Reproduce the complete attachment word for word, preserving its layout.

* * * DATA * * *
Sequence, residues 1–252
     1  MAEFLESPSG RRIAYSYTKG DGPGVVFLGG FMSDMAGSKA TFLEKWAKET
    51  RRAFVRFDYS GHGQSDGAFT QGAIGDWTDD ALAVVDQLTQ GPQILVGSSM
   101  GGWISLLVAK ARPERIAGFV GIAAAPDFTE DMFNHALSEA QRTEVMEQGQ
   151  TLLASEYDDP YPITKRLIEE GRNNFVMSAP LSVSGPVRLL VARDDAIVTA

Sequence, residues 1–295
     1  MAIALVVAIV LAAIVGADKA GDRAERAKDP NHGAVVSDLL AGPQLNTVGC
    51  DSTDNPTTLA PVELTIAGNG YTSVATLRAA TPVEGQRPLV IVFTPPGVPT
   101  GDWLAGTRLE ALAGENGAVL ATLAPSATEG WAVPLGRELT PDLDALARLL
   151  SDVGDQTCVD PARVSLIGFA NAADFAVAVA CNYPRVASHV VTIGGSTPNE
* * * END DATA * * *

Sequence, residues 1–252
     1  MAEFLESPSG RRIAYSYTKG DGPGVVFLGG FMSDMAGSKA TFLEKWAKET
    51  RRAFVRFDYS GHGQSDGAFT QGAIGDWTDD ALAVVDQLTQ GPQILVGSSM
   101  GGWISLLVAK ARPERIAGFV GIAAAPDFTE DMFNHALSEA QRTEVMEQGQ
   151  TLLASEYDDP YPITKRLIEE GRNNFVMSAP LSVSGPVRLL VARDDAIVTA

Sequence, residues 1–295
     1  MAIALVVAIV LAAIVGADKA GDRAERAKDP NHGAVVSDLL AGPQLNTVGC
    51  DSTDNPTTLA PVELTIAGNG YTSVATLRAA TPVEGQRPLV IVFTPPGVPT
   101  GDWLAGTRLE ALAGENGAVL ATLAPSATEG WAVPLGRELT PDLDALARLL
   151  SDVGDQTCVD PARVSLIGFA NAADFAVAVA CNYPRVASHV VTIGGSTPNE